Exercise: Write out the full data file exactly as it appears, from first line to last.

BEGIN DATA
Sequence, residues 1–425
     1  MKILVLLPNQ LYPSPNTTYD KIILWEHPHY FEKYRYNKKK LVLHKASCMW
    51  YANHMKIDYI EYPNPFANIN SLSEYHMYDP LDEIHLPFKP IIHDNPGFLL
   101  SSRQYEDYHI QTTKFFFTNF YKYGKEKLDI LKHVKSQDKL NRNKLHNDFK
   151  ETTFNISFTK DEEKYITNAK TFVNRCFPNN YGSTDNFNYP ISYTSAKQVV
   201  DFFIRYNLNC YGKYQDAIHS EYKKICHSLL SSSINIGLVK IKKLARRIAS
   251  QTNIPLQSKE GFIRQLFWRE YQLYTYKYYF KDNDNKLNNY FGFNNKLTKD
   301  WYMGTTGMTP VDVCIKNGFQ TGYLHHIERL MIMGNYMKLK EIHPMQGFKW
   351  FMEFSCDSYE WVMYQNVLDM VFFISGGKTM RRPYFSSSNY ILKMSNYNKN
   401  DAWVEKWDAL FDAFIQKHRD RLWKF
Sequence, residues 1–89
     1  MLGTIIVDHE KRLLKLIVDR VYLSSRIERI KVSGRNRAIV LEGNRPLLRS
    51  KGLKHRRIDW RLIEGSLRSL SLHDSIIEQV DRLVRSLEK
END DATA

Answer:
Sequence, residues 1–425
     1  MKILVLLPNQ LYPSPNTTYD KIILWEHPHY FEKYRYNKKK LVLHKASCMW
    51  YANHMKIDYI EYPNPFANIN SLSEYHMYDP LDEIHLPFKP IIHDNPGFLL
   101  SSRQYEDYHI QTTKFFFTNF YKYGKEKLDI LKHVKSQDKL NRNKLHNDFK
   151  ETTFNISFTK DEEKYITNAK TFVNRCFPNN YGSTDNFNYP ISYTSAKQVV
   201  DFFIRYNLNC YGKYQDAIHS EYKKICHSLL SSSINIGLVK IKKLARRIAS
   251  QTNIPLQSKE GFIRQLFWRE YQLYTYKYYF KDNDNKLNNY FGFNNKLTKD
   301  WYMGTTGMTP VDVCIKNGFQ TGYLHHIERL MIMGNYMKLK EIHPMQGFKW
   351  FMEFSCDSYE WVMYQNVLDM VFFISGGKTM RRPYFSSSNY ILKMSNYNKN
   401  DAWVEKWDAL FDAFIQKHRD RLWKF
Sequence, residues 1–89
     1  MLGTIIVDHE KRLLKLIVDR VYLSSRIERI KVSGRNRAIV LEGNRPLLRS
    51  KGLKHRRIDW RLIEGSLRSL SLHDSIIEQV DRLVRSLEK